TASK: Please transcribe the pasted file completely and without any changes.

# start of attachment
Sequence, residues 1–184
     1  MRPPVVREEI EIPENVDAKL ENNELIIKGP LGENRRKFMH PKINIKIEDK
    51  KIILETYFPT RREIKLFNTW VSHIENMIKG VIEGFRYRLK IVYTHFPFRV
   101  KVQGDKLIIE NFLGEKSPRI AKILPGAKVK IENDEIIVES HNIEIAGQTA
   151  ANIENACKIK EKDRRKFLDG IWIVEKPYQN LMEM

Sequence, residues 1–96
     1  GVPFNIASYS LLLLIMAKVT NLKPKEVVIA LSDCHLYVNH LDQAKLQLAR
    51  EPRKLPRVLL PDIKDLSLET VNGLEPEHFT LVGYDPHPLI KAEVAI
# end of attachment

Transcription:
Sequence, residues 1–184
     1  MRPPVVREEI EIPENVDAKL ENNELIIKGP LGENRRKFMH PKINIKIEDK
    51  KIILETYFPT RREIKLFNTW VSHIENMIKG VIEGFRYRLK IVYTHFPFRV
   101  KVQGDKLIIE NFLGEKSPRI AKILPGAKVK IENDEIIVES HNIEIAGQTA
   151  ANIENACKIK EKDRRKFLDG IWIVEKPYQN LMEM

Sequence, residues 1–96
     1  GVPFNIASYS LLLLIMAKVT NLKPKEVVIA LSDCHLYVNH LDQAKLQLAR
    51  EPRKLPRVLL PDIKDLSLET VNGLEPEHFT LVGYDPHPLI KAEVAI